Lecture Goes Online

Yesterday I read what I found to be a valuable article entitled “Five Questions to Ask Before Flipping a Lesson” written for EdSurge by Ben Stern, a Technology Integrationist for a middle School in New York.

Stern notes: “The best lecturers are more than content-deliverers. They captivate their audiences, allow the lecture to evolve in response to the reactions of the audience, and ultimately put on a show that is greater than the sum of its parts. This theater is necessary to excite students about content that does not inspire excitement on its own. In truth, the excitement is less about the content of the lecture than about the lecturer him or herself. But this is a shortcut, and ultimately not a very effective one. Students will learn the most when they are learning for themselves, not their teacher.”

The concept of lecture, one-way delivery of information, is being challenged by more student-centered and active learning models. The concept of “flipping” a classroom refers to a shift where faculty become facilitators of learning. The “lecture” occurs outside class as homework and students come to class to work in groups as well as discuss/use that information. Often online tools and systems can be used to facilitate that transition.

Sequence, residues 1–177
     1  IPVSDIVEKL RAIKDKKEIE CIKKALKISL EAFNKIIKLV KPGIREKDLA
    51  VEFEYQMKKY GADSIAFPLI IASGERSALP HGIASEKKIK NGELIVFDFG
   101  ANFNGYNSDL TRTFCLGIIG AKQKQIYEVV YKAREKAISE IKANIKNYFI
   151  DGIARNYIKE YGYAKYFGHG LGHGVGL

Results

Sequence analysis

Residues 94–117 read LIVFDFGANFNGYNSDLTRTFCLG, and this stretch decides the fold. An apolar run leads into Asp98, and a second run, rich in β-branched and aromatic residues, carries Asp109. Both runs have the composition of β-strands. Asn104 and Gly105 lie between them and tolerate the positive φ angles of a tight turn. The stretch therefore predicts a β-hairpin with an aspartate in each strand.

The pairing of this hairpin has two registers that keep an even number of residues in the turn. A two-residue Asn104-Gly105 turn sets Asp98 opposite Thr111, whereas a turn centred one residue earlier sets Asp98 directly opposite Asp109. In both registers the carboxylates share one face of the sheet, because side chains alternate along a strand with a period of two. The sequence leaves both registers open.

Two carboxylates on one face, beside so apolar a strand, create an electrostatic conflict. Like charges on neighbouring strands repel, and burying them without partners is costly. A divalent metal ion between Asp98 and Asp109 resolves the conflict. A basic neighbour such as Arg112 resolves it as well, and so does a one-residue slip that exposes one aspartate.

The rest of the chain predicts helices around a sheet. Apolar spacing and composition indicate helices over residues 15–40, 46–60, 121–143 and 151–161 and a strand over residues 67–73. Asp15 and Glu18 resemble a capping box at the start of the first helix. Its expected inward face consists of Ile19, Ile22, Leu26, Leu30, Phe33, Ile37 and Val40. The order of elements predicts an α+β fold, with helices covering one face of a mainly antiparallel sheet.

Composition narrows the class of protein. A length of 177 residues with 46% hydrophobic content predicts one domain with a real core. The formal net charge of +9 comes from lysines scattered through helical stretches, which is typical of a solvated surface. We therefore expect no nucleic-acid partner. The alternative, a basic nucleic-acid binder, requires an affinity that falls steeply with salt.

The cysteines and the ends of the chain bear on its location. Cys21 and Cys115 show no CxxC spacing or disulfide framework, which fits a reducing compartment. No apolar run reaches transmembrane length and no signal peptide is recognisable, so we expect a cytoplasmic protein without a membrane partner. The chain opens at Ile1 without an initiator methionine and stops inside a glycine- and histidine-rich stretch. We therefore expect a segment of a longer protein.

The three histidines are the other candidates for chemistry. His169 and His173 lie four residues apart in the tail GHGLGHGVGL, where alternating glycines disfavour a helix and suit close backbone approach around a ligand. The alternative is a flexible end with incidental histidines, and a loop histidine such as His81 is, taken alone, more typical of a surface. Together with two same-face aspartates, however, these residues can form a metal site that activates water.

This was one of the more powerful learning experiences for me when I first began designing blended and online courses. By virtue of switching to a web platform – I was forced to rethink everything I did!  I had to start with my student outcomes and reverse engineer the course to figure out how to best get the students there. I had to ask questions like what do students need to know? What is the best use of our time in class? What can they do online to prepare for the work we do in class together?

What I have always liked about a blended course is it allows me to leverage what is best about being in the classroom with students and what I like about online learning. We ask students many times to be critical of their practice, to think about the reasons behind their work. As faculty we should do the same whether or not we ever teach a blended or 100% online course.

Below are some of the questions Stern asked and answered in this article. What are your answers?

1. Why am I lecturing?
2. Why do the students need to understand this idea or skill?
3. What will we do in class that will take advantage of being together?

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